Homeowner Sued For Hosting Events

Posted at 10:19 PM, Mar 06, 2013
and last updated 2013-08-15 15:38:47-04

Spring Lake, Mich. – On most days, the multi-million dollar mansion at the end of North Shore Estates Road sits quiet; high atop the sand dunes in Spring Lake.

But a quick online search reveals that the home is not just for sale, you can rent it for get-togethers like weddings or reunions.  According to the North Shore Estates Association rules, renting out a property for commercial use is prohibited, so the group filed a lawsuit against the homeowner, Tyler Smith.

The biggest complaint seems to be parking for the events, with cars clogging up the already narrow road.

“(The vehicles) fill up on both sides of the road,” says neighbor Chris Wells.  “You can hardly get a car down, much less an emergency vehicle.”

According to Smith, he hasn’t been officially served with the lawsuit, but he is aware of what’s brewing.  During a phone conversation, Smith said the home is rented out only a handful of times each summer, and once in a while during an off-season weekend.  He believes he’s being unfairly targeted, because other homeowners are allowed to rent their property as a vacation home or have large parties without problems.

Thomas Thornhill, the lawyer representing the neighborhood, is also a resident.  He says it’s OK to rent a home for single family living, but not for events.  Smith argues that some large houses sleep a dozen or more people, and are probably being rented to more than one family at a time.

In addition to parking issues, some neighbors say mansion guests often stray beyond the home’s 300 feet of Lake Michigan shoreline and residents end up sharing their private beach with strangers.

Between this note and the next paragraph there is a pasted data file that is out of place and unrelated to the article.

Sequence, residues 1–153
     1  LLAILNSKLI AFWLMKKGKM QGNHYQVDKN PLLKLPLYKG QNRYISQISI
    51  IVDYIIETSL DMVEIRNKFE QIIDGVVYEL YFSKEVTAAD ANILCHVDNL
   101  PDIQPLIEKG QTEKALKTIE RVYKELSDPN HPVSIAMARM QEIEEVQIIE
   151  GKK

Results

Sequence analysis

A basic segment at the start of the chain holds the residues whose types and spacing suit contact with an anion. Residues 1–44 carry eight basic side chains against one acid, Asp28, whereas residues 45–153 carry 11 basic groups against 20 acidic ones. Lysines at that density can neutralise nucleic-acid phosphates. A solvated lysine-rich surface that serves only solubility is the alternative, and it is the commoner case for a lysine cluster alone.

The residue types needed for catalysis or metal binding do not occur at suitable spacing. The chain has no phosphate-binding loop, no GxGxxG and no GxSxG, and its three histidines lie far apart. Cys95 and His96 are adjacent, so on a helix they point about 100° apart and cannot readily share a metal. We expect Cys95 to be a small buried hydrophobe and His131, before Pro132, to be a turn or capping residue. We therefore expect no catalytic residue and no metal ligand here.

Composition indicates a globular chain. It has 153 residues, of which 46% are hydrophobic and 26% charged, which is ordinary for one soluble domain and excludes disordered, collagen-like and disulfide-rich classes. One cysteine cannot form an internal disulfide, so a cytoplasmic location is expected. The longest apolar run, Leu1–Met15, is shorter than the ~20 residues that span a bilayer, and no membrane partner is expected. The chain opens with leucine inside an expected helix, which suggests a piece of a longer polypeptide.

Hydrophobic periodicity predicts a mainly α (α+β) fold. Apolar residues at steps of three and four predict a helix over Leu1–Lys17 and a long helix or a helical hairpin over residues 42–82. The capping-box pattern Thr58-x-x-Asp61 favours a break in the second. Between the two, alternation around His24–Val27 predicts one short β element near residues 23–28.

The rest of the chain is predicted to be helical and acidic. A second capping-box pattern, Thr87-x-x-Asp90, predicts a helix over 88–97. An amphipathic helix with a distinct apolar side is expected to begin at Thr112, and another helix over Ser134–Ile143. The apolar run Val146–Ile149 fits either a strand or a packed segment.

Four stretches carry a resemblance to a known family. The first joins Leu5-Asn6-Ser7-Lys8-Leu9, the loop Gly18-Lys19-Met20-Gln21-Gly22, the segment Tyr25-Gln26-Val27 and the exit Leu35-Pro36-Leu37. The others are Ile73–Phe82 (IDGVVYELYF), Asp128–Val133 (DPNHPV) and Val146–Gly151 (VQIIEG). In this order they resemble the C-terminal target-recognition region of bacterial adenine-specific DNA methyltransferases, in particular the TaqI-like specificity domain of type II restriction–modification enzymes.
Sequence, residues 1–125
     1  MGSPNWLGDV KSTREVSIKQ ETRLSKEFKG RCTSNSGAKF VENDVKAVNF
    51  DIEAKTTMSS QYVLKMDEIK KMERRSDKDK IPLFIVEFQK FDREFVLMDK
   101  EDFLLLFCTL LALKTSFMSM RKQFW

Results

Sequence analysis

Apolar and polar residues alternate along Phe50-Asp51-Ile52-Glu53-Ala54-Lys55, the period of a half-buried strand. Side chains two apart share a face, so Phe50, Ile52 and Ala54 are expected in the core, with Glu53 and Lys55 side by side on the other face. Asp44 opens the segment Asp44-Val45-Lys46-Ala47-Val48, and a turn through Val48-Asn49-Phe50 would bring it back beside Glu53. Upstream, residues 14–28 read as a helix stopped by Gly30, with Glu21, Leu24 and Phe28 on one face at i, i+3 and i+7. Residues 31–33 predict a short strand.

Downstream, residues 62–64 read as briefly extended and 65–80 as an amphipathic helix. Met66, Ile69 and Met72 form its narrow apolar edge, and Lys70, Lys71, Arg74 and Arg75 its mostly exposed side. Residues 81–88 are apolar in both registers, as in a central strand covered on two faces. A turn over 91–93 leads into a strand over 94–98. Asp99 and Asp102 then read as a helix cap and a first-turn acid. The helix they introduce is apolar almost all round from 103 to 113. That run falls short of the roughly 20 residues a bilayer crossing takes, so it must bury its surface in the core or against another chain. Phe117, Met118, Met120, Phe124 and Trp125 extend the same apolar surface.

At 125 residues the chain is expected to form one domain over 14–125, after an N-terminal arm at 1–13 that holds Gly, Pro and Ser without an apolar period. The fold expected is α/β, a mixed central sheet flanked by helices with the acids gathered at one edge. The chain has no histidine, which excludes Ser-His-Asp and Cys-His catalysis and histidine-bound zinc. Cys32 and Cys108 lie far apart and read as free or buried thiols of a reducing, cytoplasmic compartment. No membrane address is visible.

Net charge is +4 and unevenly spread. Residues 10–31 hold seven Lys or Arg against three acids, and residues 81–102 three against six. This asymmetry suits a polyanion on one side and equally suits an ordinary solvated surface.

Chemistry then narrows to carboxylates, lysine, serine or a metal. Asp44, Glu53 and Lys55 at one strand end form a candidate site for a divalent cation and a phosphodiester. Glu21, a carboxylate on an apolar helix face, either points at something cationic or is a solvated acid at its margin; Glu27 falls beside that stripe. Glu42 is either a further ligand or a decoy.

“(We) put the cars in the driveway, put all the flood lights on, make sure everything is locked,” Wells sighs.  “We’re not that kind of neighborhood, but we have to be now.”

Wells adds that safety of the party-goers and the residents is at the top of the priority list for the neighborhood.

Thornhill says the association has tried to reason with Smith several times.  He says last fall Smith was present at a townhall meeting about the parking issues; after that, No Parking signs were added to cul-du-sac in front of Smith’s home.

Smith acknowledged the meeting and says that’s when he started using shuttle services and limousines to keep the road clear during events.

Thornhill says there’s a hearing scheduled for later this month where a judge could put a stop to all future parties at the house until the lawsuit is settled.